GENERATIONS: Tony Nicholson: What’s a Butcher Boy again?
I interviewed my mother in 1985 on her 80th birthday, and recorded the interview with a cassette recorder. The interview lasted approximately three hours over two days. Several years later, I made a copy of the two cassette tapes.
I heard my mother talking, but I did not listen. I even had the tapes transferred to compact discs. I decided recently to listen to the discs to prepare an edited transcript. For the first time I actually listened to Mom’s stories about her family and her life up until the time that I was a little boy.
When my mother was a child in the early 1900s, her mother took her and her brother by train from Clarksburg, Wv., to Hartford City, Ind., at the beginning of every summer.
Mom spent a few minutes of the interview talking about the train trips to Indiana. She loved the rides with her mother and brother, and looked forward to the summers when she would spend time with aunts, uncles and cousins on the farms around Hartford City. As I listened to her recall the train travel of nearly 80 years ago, she spoke about “butcher boys.” I had never heard the term. Mom described how young boys would walk the aisles of the passenger cars selling candy, and other treats, and food as well as coffee to the passengers.
I found her recollection invited research. I found a citation on Google that stated, “In the early 1880’s the U.S. colloquialism Butcher and Butcher Boy referred to a vendor of candy, fruit, sandwiches, newspapers, etc. on street corners and trains, at sporting events, etc. It’s not clear why the word ‘butcher’ was used other than that retail sales were involved. However, the first example of its use was in reference to a ‘candy-Butcher,’ and candy making often did involve the use of a board and a blade as with the meat butcher.”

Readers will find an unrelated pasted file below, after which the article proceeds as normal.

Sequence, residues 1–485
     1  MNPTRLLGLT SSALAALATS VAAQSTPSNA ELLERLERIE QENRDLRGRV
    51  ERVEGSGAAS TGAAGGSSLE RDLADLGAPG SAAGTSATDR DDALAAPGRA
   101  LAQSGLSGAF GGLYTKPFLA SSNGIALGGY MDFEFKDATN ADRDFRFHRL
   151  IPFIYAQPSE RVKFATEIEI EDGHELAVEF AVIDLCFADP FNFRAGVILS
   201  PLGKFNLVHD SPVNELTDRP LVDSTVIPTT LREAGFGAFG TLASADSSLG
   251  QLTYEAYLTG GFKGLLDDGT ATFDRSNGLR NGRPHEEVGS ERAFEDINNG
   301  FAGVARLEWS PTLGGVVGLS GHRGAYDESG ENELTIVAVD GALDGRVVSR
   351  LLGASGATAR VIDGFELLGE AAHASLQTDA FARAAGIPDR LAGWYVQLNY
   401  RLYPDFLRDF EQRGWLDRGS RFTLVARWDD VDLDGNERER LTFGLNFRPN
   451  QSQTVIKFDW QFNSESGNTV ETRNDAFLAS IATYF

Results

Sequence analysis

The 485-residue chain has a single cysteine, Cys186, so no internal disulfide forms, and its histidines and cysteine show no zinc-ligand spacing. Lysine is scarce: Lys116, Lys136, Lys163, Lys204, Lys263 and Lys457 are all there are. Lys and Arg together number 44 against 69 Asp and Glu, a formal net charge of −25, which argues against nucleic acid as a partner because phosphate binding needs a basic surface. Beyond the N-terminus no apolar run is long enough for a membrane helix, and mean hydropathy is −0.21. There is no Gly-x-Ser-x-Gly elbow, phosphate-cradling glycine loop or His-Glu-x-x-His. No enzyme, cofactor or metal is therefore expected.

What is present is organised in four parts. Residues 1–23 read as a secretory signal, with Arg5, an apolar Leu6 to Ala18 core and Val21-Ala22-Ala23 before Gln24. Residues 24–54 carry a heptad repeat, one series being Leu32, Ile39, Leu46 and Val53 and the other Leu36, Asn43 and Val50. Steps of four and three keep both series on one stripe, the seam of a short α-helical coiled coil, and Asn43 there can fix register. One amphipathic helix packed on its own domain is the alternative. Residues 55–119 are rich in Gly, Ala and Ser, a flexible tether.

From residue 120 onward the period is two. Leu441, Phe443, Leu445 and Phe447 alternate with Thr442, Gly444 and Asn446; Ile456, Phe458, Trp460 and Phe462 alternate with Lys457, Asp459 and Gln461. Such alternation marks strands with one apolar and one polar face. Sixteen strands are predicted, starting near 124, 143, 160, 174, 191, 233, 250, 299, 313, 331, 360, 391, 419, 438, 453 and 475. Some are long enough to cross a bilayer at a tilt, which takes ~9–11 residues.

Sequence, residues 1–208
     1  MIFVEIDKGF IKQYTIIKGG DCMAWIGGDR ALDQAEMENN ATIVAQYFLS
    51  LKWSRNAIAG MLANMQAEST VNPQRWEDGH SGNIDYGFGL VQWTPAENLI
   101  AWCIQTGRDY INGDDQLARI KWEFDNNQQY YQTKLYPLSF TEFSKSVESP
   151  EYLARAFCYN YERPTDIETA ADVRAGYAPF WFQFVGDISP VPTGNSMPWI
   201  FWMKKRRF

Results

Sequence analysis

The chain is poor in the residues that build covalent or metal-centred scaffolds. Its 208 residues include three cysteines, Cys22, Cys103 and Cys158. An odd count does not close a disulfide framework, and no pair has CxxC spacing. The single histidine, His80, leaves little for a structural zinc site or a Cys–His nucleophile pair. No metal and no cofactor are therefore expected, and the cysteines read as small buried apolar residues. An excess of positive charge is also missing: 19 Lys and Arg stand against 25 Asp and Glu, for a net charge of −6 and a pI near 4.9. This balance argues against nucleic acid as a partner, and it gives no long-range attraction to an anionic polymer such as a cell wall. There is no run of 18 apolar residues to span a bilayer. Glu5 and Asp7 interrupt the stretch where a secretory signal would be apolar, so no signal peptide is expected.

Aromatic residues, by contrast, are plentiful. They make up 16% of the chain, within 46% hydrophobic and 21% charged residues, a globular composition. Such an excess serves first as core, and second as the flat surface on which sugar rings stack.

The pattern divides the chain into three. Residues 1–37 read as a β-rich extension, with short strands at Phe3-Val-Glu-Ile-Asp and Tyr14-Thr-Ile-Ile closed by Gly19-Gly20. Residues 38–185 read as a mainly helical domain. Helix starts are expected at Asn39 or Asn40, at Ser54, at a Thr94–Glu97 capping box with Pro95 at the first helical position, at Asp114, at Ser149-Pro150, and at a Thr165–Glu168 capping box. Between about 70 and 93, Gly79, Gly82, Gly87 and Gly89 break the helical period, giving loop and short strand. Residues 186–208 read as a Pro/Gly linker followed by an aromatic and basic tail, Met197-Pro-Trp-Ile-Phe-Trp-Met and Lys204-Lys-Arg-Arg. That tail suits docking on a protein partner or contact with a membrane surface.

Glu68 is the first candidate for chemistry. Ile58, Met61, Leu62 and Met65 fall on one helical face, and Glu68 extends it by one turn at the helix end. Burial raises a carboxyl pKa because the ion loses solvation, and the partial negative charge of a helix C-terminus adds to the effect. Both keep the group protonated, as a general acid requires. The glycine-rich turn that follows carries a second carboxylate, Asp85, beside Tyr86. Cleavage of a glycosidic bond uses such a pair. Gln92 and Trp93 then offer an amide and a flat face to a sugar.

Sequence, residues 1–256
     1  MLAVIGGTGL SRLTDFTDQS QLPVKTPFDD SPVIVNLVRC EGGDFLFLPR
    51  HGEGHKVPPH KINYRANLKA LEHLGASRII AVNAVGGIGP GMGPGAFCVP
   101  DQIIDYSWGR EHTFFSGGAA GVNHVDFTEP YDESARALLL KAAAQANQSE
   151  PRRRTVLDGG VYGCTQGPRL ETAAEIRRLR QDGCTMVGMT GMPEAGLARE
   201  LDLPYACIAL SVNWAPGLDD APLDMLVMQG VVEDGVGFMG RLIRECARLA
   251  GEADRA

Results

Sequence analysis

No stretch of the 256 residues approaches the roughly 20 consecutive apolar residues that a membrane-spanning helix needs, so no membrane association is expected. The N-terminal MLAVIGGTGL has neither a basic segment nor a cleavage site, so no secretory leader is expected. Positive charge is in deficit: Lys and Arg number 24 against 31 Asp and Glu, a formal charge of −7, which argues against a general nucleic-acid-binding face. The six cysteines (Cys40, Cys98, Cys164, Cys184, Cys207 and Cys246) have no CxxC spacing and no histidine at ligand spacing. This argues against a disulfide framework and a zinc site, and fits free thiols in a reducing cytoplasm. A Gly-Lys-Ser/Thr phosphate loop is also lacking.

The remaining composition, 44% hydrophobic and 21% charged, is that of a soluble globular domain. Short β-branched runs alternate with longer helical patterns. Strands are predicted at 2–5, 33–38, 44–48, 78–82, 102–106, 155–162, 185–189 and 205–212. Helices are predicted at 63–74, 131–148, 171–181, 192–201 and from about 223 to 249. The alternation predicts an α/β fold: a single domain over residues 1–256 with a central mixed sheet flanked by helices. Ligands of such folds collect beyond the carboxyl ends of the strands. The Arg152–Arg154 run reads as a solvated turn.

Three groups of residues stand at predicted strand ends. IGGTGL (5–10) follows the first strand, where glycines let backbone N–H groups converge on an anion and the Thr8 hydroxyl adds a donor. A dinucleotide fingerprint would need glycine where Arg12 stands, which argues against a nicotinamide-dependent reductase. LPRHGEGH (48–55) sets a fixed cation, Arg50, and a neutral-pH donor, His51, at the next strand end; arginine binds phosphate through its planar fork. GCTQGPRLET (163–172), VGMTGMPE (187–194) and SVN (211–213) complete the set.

In an article published by the University of Iowa entitled “Iowa Railroad Guide,” about travel on the Great Burlington Route, a section gave some details about butcher boys. The section reported as follows:
“Butcher boys board the trains at division points. They go through the cars selling newspapers, books, candy, canned beans, fruit, homemade rolls, coffee, cigars and cigarettes. Their goods are reasonably priced. They leave the train at the next major stop, refill their baskets, and board a returning train.
Most of the butcher, or train, boys are neat appearing and very friendly. However, the traveler should give them the exact sum, or count his or her change at once. Some passengers have been short-changed by the train boys. Many have missed valuables after the butcher boys have left the train.”
Mom’s love of train travel inspired me to love trains, especially steam engine trains, and train travel even without knowing anyone similar to a butcher boy.